In summary, the book is about the prosecution of Martha Carrier in the Salem Witch trials, as told by her young daughter Sarah. It starts out with Sarah and Martha, both strong willed females, clashing constantly but it then follows their relationship as Martha is accused of being a witch, tried, and hung although completely innocent. While this story has the Salem Witch trials as a background, it's really about the bond between mother and daughter.

Again, this is a book I read quite a while ago. My old colleague, Amy, had recommended it to me. I read it and recommended it to my mom, who then used it for her turn during her book club she enjoyed it so much. This is a great, fast read about a horrible time in our nation's history were dozens were wrongly accused during a time where people were really just scared of the world they lived in and blamed anything bad on the people around them.

Book 1/8 of the Outlander series
by Diana Gabaldon
Why I picked it up: Recommended to me by a family friend since I was about to move to Scotland.
My rating: 6.5/10

In summary, the book is about Claire Randall, a nurse in the 1940's who is transported back in time to the 1740's in the Highlands of Scotland. It follows her as she becomes tangled up in adventure and love, all the while trying to return back to her time where her husband, Frank, is waiting. Claire is tormented constantly by her growing feelings for Jaime Fraser, a young Highland warrior.

I thorougly enjoyed 99.6% of this book. I won't say the reason why I didn't like it but something happens at the end of the book that just soured my taste buds. I just felt like it really didn't fit in the book and almost made me not continue on with the series had the last few pages not restored itself and the first 600 pages been amazing. Yes, that's right. First 600 pages. Each book in the Outlander series is about 600-700 pages and there are 8 of them (the last one has yet to be published) so make sure you're up for the long haul if you're interested in reading them!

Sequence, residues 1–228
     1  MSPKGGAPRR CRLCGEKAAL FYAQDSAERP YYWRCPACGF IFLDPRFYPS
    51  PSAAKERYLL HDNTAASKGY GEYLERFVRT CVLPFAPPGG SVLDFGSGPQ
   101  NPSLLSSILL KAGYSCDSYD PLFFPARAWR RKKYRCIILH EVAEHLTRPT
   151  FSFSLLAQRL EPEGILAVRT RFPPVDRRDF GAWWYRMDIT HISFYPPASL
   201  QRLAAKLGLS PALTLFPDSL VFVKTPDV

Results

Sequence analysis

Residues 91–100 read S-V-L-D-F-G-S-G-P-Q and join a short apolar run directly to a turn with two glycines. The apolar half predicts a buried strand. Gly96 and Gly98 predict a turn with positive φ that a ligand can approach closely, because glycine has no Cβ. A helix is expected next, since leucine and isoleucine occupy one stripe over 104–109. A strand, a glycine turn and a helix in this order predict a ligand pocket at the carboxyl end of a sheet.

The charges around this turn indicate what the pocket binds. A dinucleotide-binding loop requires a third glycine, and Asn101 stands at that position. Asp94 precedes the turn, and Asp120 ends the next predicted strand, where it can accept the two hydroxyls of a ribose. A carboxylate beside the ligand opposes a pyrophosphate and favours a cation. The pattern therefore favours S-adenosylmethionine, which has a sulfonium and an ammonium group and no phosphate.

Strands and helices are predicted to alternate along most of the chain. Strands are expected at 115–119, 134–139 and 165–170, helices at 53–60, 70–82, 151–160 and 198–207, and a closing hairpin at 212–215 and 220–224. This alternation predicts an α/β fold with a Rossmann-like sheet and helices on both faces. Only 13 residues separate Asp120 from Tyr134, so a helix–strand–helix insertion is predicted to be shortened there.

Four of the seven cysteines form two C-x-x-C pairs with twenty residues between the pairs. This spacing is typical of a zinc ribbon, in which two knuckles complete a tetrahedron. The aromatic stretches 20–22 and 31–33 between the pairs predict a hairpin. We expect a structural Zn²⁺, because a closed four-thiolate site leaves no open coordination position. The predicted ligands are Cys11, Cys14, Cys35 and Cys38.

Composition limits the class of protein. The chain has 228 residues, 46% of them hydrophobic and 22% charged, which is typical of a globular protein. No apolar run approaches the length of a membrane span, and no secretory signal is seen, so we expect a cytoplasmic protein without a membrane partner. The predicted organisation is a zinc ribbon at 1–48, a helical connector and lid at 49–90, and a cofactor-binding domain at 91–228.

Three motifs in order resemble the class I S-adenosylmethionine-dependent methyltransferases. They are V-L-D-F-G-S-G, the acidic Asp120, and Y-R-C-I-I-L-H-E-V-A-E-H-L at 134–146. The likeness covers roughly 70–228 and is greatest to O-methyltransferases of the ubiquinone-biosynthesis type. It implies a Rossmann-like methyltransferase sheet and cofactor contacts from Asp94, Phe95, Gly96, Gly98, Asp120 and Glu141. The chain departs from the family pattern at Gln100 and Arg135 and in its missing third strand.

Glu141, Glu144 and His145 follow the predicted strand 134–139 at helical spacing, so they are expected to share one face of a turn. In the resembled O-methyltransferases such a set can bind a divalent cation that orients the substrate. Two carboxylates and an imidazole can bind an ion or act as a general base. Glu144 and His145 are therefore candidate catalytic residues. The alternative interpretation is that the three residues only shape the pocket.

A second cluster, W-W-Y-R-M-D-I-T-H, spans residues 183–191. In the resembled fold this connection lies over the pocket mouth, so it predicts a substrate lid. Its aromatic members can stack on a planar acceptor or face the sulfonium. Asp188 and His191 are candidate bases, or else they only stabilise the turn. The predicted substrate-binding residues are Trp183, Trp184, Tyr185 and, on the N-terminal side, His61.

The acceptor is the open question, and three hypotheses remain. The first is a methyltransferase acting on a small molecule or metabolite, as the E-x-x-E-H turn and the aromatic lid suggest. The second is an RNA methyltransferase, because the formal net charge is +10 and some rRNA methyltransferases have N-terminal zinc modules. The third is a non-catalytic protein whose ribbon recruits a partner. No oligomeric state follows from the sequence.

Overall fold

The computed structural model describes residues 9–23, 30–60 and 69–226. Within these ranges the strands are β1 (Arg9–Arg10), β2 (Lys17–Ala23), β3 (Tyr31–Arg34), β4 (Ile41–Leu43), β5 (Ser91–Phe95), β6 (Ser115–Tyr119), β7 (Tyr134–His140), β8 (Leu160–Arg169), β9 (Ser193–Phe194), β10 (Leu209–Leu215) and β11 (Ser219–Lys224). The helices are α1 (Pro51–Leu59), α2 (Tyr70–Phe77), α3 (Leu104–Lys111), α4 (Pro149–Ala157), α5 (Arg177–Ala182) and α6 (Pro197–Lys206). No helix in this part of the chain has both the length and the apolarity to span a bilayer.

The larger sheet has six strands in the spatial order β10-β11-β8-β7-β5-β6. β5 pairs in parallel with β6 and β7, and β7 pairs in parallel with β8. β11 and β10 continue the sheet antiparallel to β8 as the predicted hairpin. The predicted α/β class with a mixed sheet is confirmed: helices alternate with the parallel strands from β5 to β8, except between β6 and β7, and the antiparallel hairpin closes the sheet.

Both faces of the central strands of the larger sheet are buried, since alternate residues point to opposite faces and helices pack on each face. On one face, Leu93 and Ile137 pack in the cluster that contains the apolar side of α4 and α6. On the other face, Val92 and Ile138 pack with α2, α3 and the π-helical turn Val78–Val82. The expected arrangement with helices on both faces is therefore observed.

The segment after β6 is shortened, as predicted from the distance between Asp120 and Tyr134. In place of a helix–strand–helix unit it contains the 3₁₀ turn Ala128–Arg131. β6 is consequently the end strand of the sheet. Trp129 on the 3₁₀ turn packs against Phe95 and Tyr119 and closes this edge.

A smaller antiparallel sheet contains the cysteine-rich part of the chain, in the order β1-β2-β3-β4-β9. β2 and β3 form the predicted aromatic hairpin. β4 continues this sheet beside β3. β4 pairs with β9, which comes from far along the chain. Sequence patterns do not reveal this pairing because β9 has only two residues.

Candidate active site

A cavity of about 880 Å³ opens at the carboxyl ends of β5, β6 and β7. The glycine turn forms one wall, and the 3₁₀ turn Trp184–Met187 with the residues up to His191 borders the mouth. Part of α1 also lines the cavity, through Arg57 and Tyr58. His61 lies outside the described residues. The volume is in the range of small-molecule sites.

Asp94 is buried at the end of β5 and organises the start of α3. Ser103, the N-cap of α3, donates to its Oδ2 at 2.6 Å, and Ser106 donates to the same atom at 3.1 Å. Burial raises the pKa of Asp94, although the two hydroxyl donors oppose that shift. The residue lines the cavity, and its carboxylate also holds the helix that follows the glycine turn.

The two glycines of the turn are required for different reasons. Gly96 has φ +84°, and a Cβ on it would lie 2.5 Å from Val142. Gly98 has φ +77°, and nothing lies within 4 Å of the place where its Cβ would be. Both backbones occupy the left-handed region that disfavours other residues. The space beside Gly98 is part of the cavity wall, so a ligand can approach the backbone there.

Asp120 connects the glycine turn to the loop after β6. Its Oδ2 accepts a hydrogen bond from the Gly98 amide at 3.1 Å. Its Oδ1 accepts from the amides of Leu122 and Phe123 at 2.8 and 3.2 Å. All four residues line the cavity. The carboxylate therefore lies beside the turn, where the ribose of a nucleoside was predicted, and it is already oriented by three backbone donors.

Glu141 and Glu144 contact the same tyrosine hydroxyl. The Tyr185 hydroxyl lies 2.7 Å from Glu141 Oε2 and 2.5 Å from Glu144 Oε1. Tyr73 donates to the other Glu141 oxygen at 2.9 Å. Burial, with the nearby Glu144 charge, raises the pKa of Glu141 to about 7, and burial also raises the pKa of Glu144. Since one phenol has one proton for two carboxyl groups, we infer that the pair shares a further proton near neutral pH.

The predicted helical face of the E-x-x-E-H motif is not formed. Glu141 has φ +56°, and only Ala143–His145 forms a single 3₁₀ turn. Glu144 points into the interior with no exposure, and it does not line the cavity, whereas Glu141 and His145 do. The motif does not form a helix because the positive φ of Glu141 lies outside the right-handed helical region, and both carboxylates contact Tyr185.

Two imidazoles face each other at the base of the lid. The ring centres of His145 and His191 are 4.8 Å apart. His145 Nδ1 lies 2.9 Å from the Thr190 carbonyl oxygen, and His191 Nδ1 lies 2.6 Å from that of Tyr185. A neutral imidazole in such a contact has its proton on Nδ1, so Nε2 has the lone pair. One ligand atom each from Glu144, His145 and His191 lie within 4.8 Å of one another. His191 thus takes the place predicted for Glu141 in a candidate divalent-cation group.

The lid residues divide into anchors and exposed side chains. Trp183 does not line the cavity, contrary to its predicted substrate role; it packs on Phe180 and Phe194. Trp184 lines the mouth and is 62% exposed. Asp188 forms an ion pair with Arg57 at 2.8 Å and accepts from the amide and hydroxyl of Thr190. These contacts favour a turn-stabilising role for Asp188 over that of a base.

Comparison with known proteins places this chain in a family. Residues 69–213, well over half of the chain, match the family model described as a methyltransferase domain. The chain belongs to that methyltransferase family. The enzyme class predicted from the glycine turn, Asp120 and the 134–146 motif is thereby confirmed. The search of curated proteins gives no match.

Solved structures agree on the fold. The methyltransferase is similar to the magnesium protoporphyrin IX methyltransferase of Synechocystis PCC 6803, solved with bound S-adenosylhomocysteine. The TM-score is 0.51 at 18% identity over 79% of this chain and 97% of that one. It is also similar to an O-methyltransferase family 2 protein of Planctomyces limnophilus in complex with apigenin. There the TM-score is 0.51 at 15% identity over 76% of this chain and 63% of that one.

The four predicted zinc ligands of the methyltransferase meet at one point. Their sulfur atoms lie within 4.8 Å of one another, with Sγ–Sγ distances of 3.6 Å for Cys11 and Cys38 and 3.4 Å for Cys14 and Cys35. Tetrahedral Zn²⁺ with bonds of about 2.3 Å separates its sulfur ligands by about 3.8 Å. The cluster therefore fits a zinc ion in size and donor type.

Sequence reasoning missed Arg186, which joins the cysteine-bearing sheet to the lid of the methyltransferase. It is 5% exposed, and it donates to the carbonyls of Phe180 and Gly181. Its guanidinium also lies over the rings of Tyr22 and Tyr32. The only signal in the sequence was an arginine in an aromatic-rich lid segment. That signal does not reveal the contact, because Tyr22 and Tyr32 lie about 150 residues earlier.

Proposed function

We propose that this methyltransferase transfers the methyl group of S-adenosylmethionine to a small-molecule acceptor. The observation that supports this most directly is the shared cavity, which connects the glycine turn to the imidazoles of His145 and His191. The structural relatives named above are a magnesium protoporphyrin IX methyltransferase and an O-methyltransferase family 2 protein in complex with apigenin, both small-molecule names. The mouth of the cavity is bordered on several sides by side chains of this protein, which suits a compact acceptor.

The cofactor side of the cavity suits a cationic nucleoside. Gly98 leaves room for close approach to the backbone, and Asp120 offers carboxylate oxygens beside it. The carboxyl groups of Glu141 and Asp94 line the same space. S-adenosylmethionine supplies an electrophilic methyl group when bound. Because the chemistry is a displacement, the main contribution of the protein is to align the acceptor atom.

Dragonfly in Amber
Book 2/8 of the Outlander series
by Diana Gabaldon
Why I picked it up: I wanted to see what happens next after reading Outlander.
My rating: 7/10

This book starts off about 21 years after Outlander. You find Claire back in her own time (now the 1960's) and she has become a doctor with no Jamie in sight and you don't know why. Claire's husband Frank has died and she can finally tell her daughter, Brianna, the truth about her father. The story then flashes back to where we left Claire and Jamie back in the mid-1700s to find out what happened.

When I first read Outlander, I had just landed in Scotland so I didn't know where anything was. I started this book after I'd taken a trip to the Highlands and as I read this book, I realized I'd been to a lot of the places they talked about which made me enjoy it even more as I was able to envision everything. While I didn't enjoy the storyline of Claire and Jamie together in the second book as much as I did in the first book, overall I enjoyed it and liked the introduction of Brianna who will continue, I believe, to have a role in the upcoming novels. I liked it enough to get the third book, Voyager, which I'm holding off for a while as I read some other books I've had sitting around longer. I think that book will make me ultimately decide whether I continue with the series.

Book 3/3 of the Hunger Games series
by Suzanne Collins
Why I picked it up: I've read the first two and enjoyed them and they were originally introduced to me by my friend, Megan.
My rating: 8/10